I got a bit huffy over the study into iatrogenic factors. Not being I don't think they have a point - they certainly do - but because I have no experience of UK services coming anywhere close to coddling patients so much that they are afraid to recover. Usually they refeed up to a medically safe but ridiculously low BMI of 15 and then leave them to get sicker again. Lack of treatment keeps people sick just as much, if not more, than overly supportive treatment. I really hope the majority of services which are underfunded and less well equipped compared to the ones benefitting from being the focus of research studies involving Janet Treasure don't use this as an excuse to scale back support even further.

Katie said...

Not because I don't think they have a point, not not being! One day I will learn to proofread my comments.

hm said...

On the iatrogenic harm article... I've refused in-patient treatment every time it's been attempted. I'm currently, after decades, finally seeing things for what they are and working with an experienced dietitian to give "recovery" a shot. I follow her portion requirements to such a rigid degree, that she says I'm still being unhealthy (too controlling, perfectionistic, etc.). She tried to offer some options for exchanging- miss one portion in this category, make up for it in that category, etc- she said people don't eat exactly the same thing and in exactly the same amount every single day. Apparently, being so rigid is not "normal." (Fuck normal. I'm so sick of hearing the word "normal.") So I took my food log home and tried to be more flexible.

Can you guess what happened? I took to heart the "you can miss one portion here" part and
"forgot" the "but make up for it there" part. Then I started missing portions in all categories- b/c, after all, people don't eat the same amount every day- that's not "normal"- so I will be a "normal person" who just happens to be eating less right now. Within 2 weeks I plummeted to the point that I was shaking and cramping up from major dehydration. (Merry Christmas to me!)

Sooo when I showed up at the dietitian's office next time, she chucked the flexibility shit and told me to meet exact requirements again.

Does that mean she is enabling/encouraging my disordered issues of inflexibility and perfectionism? Is this "recovery" bullshit going to screw my head up just as much or more than before then? (Or am I just looking for an excuse to back out of it- always a possibility.) I'm certainly not undertaking all this nightmarish work just to redefine myself as STILL ABNORMAL and dysfunctional.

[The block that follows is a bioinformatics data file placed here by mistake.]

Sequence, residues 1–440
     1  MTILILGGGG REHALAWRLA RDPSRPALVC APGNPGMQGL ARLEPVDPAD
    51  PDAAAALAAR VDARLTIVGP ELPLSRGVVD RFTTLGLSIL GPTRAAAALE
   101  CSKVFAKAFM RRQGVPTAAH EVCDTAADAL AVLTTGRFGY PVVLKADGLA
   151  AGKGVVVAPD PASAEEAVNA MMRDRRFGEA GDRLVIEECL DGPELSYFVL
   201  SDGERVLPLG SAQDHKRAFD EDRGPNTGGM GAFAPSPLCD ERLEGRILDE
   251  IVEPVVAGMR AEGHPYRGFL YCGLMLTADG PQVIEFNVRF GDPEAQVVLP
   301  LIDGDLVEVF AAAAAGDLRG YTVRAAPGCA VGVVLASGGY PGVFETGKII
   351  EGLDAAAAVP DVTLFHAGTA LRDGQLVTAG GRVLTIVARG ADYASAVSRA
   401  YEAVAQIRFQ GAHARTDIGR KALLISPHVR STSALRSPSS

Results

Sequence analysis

Ally said...

hm - I definitely say fuck normal! Try for 'alive'. You can get to 'living' later. I think just making a habit out eating is a great place to start. And if that means strict boundaries, who cares. That's what makes you comfortable, and that's waht makes eating possible, so go with what works. You can improve on that when you are ready.
But who gives a crap about 'normal'!! How boring to be average!!

hm said...

True- I guess I'm not so frustrated at not being normal- but being "disordered" is a whole different story- it took me forever to even admit to that- and to hear that all the work I'm doing now might be just as disordered feels like a blow and makes me want to throw in the towel. But, Ally, you're right- I need to go for being alive right now, not being non-disordered- I've got a lot of reasons to live. Thanks for the encouragement.

Kate said...

thanks for all this, carrie. i think you could make a blog just on your ability to find the gems from the online world!

as a side note, i've just been prescribed effexor. is this a really bad idea? is anyone else taking it? has anyone had good results?

Katie said...

Kate - I had an extremely bad experience with effexor, but it is like any other antidepressant in that it seems to have different effects on different people. Some gain weight, some lose weight, some find their mood is better, some become suicidal and self destructive. I ended up manic and hospitalised, which was fun! The only one thing that can be said about everyone on effexor is that you should never miss a dose and never come off it cold turkey, because the withdrawal is the worst there is. If you're desperate for something to help with depression it's probably worth a go, but be careful.

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I'm a science writer, a jewelry design artist, a bookworm, a complete geek, and mom to a wonderful kitty. I am also recovering from a decade-plus battle with anorexia nervosa. I believe that complete recovery is possible, and that the first step along that path is full nutrition.

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nour·ish: (v); to sustain with food or nutriment; supply with what is necessary for life, health, and growth; to cherish, foster, keep alive; to strengthen, build up, or promote